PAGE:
“Using simulation software, they were able to create an identical, computerised model of our workshop and, working closely with our production manager, identify which machines and processes could be altered and moved to make space for the new machinery and improved workflow.

“We’d never have even thought about using digital twin software to visualise and improve our shop floor and – as a family-business – we could never have accessed something like this without the support of SAM.”

The grants are accessible by all manufacturing SMEs, who can also still engage separately in a technical project with SAM (this can often support or identify the need for a grant application or helps to specify their precise needs and focus on the benefit and returns). The grant award is 25% matched funding available to those in Tyne & Wear and Northumberland and 35% for those in County Durham. The grants can also be used to support the purchase of second-hand equipment, as well as brand new machinery kit and software, and can even be used for specialist services or testing needs that may be holding a company back.

Claire added: “Vixen and Steelcraft are just two of scores of success stories we’ve recorded through the Project’s journey so far and are evident of the impact this support can have.

“Not only do the grants help break down the barriers to investing in new technology but they also help eliminate other financial inhibitors to driving strategic development of both product and process.

“The only drawback for us is that we only have £1 million to give away. While it may sound like a lot, the first phase of the SAM Project proved so popular that the grant pot was empty well in advance of the project’s end date, therefore we’d recommend any manufacturer reading this who thinks they may be eligible to get in touch with us and find out more.”

Interested in finding out more about the SAM Capital Grant scheme? Visit: https://samprojectuos.co.uk/grant-support-helps-sustain-growth-for-vixen/ or email: sam.project@sunderland.ac.uk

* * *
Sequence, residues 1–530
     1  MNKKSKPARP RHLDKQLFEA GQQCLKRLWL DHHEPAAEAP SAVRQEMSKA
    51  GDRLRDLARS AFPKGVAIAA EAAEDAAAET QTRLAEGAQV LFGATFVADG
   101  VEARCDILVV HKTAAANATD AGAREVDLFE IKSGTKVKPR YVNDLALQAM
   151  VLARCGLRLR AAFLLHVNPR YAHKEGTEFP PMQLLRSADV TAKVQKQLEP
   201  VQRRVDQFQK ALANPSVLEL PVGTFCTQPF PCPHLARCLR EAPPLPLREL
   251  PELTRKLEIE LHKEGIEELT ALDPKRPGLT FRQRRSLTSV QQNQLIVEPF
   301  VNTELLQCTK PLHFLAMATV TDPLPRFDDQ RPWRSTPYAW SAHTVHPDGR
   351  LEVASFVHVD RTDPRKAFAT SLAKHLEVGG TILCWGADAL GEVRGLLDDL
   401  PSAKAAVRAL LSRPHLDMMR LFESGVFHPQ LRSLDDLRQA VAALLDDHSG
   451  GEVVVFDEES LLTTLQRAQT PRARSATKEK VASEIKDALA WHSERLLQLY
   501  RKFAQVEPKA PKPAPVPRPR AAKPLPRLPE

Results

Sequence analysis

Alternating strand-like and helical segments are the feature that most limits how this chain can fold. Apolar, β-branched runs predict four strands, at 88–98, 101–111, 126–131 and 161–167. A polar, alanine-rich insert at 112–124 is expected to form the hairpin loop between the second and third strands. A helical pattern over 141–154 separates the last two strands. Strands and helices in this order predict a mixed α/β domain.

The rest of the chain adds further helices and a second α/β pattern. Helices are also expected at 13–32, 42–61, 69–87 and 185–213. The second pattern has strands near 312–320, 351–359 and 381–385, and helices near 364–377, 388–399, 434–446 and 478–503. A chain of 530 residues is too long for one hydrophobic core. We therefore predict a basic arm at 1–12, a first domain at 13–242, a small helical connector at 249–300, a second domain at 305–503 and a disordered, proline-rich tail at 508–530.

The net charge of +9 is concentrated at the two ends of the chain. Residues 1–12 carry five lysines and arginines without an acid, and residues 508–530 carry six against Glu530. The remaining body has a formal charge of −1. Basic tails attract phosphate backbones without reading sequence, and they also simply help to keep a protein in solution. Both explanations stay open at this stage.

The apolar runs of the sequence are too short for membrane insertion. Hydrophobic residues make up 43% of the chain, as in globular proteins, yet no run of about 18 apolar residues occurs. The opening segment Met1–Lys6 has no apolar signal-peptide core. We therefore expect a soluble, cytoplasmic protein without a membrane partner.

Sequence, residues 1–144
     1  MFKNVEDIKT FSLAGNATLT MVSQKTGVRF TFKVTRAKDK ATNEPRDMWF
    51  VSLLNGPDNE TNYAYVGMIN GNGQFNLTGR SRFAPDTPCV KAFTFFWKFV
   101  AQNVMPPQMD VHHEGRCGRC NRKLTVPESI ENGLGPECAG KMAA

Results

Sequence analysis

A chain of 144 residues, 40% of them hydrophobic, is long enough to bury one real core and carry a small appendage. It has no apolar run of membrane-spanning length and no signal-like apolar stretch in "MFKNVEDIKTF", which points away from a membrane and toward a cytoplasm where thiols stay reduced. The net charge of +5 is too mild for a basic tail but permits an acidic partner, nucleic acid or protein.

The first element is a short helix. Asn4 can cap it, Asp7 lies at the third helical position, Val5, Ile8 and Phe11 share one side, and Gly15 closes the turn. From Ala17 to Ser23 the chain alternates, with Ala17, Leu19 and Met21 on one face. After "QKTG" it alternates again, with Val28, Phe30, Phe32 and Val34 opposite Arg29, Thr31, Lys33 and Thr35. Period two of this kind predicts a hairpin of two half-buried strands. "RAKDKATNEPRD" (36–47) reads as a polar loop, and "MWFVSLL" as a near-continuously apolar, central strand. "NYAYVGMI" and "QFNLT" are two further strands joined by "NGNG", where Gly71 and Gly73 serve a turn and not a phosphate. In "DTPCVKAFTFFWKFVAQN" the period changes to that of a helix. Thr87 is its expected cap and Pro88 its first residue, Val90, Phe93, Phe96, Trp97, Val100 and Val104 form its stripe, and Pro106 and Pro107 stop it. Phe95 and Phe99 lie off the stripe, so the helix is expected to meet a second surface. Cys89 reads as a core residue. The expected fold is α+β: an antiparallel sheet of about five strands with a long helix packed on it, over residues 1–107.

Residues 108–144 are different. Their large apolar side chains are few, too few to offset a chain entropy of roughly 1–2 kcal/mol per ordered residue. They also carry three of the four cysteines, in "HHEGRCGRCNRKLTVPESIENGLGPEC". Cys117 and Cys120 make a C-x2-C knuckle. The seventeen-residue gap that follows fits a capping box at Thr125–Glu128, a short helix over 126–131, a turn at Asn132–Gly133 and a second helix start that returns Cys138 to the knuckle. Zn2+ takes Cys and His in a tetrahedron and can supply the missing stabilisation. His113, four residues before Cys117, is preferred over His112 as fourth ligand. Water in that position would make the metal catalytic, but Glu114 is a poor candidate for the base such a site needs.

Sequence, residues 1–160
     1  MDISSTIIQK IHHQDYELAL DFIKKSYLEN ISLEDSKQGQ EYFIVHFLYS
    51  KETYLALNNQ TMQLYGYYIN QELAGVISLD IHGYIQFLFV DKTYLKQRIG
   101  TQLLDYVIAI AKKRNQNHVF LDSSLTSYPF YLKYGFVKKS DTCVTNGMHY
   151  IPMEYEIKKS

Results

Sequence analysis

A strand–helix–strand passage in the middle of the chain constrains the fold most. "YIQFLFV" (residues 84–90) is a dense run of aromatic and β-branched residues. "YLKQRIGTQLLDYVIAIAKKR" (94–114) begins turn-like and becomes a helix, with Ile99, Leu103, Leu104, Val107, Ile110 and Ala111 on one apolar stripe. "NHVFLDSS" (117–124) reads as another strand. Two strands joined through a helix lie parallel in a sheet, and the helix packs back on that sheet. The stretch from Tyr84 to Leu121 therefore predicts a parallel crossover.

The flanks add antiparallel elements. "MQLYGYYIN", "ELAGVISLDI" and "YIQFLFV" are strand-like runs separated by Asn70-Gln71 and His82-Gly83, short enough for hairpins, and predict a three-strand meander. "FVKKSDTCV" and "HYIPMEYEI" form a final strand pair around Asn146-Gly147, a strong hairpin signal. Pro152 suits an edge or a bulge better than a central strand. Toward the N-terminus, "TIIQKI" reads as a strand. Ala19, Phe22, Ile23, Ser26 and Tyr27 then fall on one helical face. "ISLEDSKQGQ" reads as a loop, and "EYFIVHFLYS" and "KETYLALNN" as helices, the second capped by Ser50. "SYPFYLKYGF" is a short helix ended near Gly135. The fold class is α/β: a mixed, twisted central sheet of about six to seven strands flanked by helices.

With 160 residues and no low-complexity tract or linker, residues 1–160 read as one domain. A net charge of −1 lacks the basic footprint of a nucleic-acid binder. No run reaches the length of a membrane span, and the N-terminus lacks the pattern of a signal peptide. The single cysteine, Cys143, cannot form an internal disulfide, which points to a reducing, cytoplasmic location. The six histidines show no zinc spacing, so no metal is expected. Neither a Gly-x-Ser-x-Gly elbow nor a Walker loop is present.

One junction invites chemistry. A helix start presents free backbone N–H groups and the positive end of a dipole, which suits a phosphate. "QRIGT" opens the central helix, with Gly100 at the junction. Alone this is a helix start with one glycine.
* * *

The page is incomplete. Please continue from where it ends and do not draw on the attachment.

Robotics Specialist

Breaking down the barriers to robotics

Neil Taylor, Automation & Robotics Specialist, explains why embracing robotics is key to ensuring SME manufacturers remain competitive.

When I was first appointed Robotics Programmer at the then Tallent Engineering, back in the early 1980s, the technology was often seen as somewhat of a threat to jobs, and a far-fetched concept by many others.

Based out of Aycliffe Business Park, in County Durham, Tallent Engineering, now Gestamp, was one of the first non-OEMs (original equipment manufacturers) to embrace robotics, and as a result grew from being a multi-product manufacturer with just a single site, which had a handful of robots, into one of the world’s leading automotive Tier One suppliers, specialising in specifically in chassis and suspension products in just a matter of years.

Having started out as a welder, my role as robotics programmer initially saw the company invest in 10 robots, which at that time, none of the staff had even heard of and saw productivity increase significantly, helping us ramp up the output of parts we were producing for the Ford Sierra, improving quality and drastically reducing lead times.

Fast-forward 40 years and Gestamp now has over 1,200 robots operating at its Newton Aycliffe site alone, (the largest none OEM population of robots on one site in Europe), with tens of thousands more in operation across the globe – ranging from robotic welding, both MIG & Spot, machine tending, bushing, inspection and palletising. Robots have been key to that growth and success, along with challenging the norms of traditional production.

However, despite the rapid advancement of robotic technology over the last few decades and the heightened adoption of automated processes by the majority of automotive OEMs and Tier One suppliers, many manufacturing SMEs are still yet to harness and embrace the potential of robotics within their operations, often believing them to be out of reach price wise or technologically challenging.

For many, their reservations are predisposed to thinking that they would unable to afford the technology, that the costs will far outweigh the business benefits, or that the skills required are out of reach, however this couldn’t be further from the truth in the majority of cases, especially with the emergence of technology such as collaborative robots (cobots).